Aberdeen base for second Scotland's Charity Air Ambulance helicopter
Aberdeen has been unveiled as the base for a new charity air ambulance helicopter.
Scotland's Charity Air Ambulance (SCAA) has been raising £6m for the aircraft.
The charity has operated an air ambulance since 2013, which operate alongside two funded by the Scottish government in Glasgow and Inverness.
The SCAA hopes to launch the new Aberdeen-based service by late 2019 when Helimed 79 will join a stablemate already operating out of Perth Airport.
It is hoped the service could help save scores of lives.
SCAA chairman John Bullough said: "Aberdeen will house one of Scotland's four Major Trauma Centres in the future Scottish Trauma Network and it makes sense for Helimed 79 to add its considerable capability to that growing hub of emergency medical resources.
"SCAA is frequently tasked to emergencies in the north east and having an air ambulance based there will optimise the coverage and resilience of the country's entire emergency air response - helping to fulfil one of the Scottish Trauma Network's key objectives of transporting patients to a key trauma centre such as Aberdeen within 45 minutes of serious illness or injury.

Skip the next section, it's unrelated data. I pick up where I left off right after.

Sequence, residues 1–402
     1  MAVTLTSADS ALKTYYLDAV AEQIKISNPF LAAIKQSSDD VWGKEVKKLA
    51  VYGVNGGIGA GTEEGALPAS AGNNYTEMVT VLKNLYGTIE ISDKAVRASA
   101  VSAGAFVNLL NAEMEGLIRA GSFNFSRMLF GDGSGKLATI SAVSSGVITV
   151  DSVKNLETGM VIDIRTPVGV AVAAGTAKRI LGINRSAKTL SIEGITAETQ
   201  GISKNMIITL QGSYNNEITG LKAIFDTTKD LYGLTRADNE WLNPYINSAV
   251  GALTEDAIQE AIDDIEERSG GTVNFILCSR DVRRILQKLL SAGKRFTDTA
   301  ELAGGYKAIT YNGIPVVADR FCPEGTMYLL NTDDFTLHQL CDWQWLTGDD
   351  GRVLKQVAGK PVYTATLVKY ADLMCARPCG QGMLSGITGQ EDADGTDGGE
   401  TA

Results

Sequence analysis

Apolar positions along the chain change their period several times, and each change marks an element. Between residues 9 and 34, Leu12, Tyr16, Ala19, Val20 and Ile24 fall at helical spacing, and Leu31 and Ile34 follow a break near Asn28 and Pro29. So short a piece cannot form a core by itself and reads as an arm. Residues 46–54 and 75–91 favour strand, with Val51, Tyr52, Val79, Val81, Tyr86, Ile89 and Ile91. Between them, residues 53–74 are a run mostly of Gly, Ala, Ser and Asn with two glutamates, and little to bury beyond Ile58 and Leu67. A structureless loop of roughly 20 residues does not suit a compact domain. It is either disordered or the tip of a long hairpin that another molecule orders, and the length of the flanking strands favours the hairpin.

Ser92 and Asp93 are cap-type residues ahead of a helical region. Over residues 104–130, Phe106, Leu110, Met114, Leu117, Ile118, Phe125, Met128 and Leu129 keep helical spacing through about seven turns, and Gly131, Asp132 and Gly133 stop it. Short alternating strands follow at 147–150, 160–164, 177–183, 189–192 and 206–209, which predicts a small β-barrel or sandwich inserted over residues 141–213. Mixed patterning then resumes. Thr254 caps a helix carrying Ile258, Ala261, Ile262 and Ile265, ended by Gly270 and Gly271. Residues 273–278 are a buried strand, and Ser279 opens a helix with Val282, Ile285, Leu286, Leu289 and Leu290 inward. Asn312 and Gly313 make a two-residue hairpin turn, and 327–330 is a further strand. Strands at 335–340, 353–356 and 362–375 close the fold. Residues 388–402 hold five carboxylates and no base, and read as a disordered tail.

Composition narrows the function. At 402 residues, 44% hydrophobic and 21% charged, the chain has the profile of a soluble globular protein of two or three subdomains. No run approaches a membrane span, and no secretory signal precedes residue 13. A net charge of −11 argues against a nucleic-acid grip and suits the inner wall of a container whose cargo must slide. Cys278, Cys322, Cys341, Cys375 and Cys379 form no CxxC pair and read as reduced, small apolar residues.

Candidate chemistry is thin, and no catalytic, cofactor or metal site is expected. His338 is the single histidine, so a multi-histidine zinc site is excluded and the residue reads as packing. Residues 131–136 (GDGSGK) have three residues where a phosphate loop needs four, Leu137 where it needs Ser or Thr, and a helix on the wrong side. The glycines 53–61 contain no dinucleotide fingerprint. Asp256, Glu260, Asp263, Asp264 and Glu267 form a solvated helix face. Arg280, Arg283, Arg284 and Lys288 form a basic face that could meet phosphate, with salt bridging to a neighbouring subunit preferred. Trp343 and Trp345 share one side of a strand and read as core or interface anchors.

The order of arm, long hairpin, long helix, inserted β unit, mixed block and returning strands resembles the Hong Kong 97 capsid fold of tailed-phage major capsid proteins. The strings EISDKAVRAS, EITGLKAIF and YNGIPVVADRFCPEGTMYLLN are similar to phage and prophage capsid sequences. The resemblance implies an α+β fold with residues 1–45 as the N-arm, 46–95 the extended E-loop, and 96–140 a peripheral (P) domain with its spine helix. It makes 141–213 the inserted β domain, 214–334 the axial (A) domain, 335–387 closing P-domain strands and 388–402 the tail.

"With a second helicopter air ambulance service, SCAA will further positively impact on the outcome for patients - ultimately saving and improving hundreds more lives every year."
Health Secretary Jeane Freeman said: "Scotland's Charity Air Ambulance carries out great work across Scotland, helping to save and improve lives every day.
"A second SCAA helicopter will make a huge difference.
"It is crucial that we ensure the most severely injured patients have the best chance of a speedy recovery from their injuries."
Tom Steele, chairman of the Scottish Ambulance Service, added: "This is wonderful news, not only for Grampian and the north east, but for the whole of Scotland.
"SCAA has been a very important partner since 2013 when they provided their first helicopter air ambulance, based in Perth.
"Since then it has flown almost 2,000 emergency missions and undoubtedly has saved many lives across Scotland's rural and remote areas."